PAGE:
Make or purchase mini-cupcakes.  I prefer to make my own, simply because the ones at the store always come with a slew of frosting on them.  For this snack, I make sure that all the cupcakes are frosted flush with the wrapper with white frosting.  Then, using orange gel icing, I trim the outside edge of the cupcake.  Set these to the side.  Next, take a sugar cookie (again, either homemade or pre-made – a cookie that is about 2.5 to 3 inches in diameter works bets) and frost half of it (like a half circle).  Pipe the orange gel along the frosted edge, and pipe an orange square box in the middle for the “backboard” of the goal.    Then, dab a bit of frosting on the unfrosted part of the cookie (in the center) and press the cupcake into it (the cupcake is the “net”).  Use a mini basketball chocolate (you can usually find these around Valentine’s Day in the candy aisle for those sports enthusiasts) and use frosting to secure it to the backboard and net.  Let the whole thing set for about 30 minutes before standing up.

These were so easy to create and were a hit with the boys!

Life Lessons From Little League

Baseball season has come to an end in our small town.  Gone are the weeknight practices, the games under the big lights, the umpires and the concession stand.  No more bug spray, no more coolers of Gatorade in the stands, no more scoreboard lights.  The bases have been collected and the buckets of balls stored for yet another season.

This year, my older son played “PeeWee” baseball.  It is a step up from “Coach Pitch”, which just so happens to be a step up from T-ball.  In the PeeWee division, boys get to pitch the ball.  Bases can be stolen, and run limits are not always enforced.  It is more like “real” baseball, which can be a bit intimidating to an eight year old.  In our three months in baseball this Spring, though, we learned more about ourselves and about life than we ever thought possible.

Our biggest lesson was on our final game.  Ahead by three runs, our team took the field with confidence and cockiness.  Forty-five minutes later, our boys came in, defeated, a score of 17-4 run on them, and my child had been the pitcher of record.  It was devastating on so many levels.  Yet, there was so much to be learned from that one experience.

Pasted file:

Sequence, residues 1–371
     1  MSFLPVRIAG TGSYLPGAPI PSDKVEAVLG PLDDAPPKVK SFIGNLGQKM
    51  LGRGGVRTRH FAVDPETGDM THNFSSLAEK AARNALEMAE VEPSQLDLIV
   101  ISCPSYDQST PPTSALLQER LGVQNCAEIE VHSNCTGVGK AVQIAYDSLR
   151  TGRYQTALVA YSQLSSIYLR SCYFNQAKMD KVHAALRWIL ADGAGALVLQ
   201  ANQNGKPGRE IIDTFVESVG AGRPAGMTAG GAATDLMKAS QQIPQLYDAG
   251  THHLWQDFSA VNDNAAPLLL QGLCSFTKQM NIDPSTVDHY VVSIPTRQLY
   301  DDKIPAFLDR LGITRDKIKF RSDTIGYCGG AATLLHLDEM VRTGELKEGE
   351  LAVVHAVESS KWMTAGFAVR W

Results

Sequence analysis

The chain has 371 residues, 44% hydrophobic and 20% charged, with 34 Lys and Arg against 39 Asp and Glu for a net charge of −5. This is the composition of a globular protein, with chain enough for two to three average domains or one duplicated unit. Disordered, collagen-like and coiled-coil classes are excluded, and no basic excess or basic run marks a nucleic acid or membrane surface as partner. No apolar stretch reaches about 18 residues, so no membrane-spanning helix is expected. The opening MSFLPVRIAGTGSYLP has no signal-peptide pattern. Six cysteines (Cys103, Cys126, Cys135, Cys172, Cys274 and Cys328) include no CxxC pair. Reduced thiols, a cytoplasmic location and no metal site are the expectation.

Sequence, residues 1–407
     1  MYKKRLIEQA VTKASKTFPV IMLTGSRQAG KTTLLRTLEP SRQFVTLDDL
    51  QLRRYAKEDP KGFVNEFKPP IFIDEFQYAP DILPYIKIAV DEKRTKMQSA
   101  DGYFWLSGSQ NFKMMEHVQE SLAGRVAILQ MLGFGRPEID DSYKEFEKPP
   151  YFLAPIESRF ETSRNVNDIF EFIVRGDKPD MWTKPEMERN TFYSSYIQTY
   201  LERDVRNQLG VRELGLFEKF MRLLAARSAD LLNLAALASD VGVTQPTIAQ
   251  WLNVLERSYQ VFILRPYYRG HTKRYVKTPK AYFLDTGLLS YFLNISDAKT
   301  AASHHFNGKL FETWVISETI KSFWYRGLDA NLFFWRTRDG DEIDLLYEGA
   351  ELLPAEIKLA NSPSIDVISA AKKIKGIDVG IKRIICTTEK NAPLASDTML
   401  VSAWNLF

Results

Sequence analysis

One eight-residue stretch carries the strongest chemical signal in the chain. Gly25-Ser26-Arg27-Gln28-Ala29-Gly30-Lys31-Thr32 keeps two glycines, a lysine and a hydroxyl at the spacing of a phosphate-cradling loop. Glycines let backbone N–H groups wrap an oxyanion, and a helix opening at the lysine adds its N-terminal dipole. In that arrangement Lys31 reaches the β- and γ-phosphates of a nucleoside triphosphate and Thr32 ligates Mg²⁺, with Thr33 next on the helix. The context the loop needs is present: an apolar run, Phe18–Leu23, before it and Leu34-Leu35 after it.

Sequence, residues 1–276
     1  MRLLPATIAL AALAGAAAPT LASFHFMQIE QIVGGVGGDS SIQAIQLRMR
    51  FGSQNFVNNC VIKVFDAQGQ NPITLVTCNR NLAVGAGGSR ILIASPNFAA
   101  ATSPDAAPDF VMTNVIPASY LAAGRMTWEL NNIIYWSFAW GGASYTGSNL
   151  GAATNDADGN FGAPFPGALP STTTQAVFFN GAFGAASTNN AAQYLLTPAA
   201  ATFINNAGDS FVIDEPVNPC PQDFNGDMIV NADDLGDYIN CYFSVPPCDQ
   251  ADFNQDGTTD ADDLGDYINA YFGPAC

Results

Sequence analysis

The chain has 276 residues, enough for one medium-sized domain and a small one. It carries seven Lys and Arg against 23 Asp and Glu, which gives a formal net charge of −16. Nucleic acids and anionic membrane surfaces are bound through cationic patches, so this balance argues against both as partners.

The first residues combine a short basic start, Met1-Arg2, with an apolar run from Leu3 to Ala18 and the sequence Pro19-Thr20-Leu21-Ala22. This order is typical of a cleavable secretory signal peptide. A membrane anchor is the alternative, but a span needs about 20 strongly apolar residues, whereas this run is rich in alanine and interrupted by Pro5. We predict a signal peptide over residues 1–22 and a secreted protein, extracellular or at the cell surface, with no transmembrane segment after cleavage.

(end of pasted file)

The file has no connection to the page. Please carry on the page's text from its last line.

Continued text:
Not everyone wins.  Someone loses every time.  Sometimes, you are the winner.  Sometimes, you’re not.  But, you don’t lose ALONE.  Everyone works together to earn whatever outcome there is.  The pitcher pitches the ball.  The fielders field the ball.  The batters try and hit the ball.  And, if those components fail, the team doesn’t win.  That’s the key, though – the TEAM doesn’t win.  No one is singled out; everyone has to work together.  The team is only as strong as its weakest player, but it is the strength of the TEAM that achieves the goal.

Sitting there, watching each pitch my child threw, I saw him grow.  He was patient, he was calm, he persevered.  He rallied his teammates, never putting them down but always encouraging them and cheering them on.  He did not put the blame for the devastating loss on anyone but the team as a whole, himself included.  And, when the game was over, he was the first to go over and congratulate the winner, shaking each hand and looking each player in the eye.

Part of me is sad that our team suffered such a huge loss in the end.  My heart aches for each of those boys who held the championship in the palm of their hands, only to watch it run through their fingers.  Another part of me is thrilled to be done with the practices, the sweaty games and the laundry.  Yet, I am wholeheartedly proud of my son for being so diligent, so mature and such an amazing player in the midst of everything that happened.  That was the best lesson – for all of us.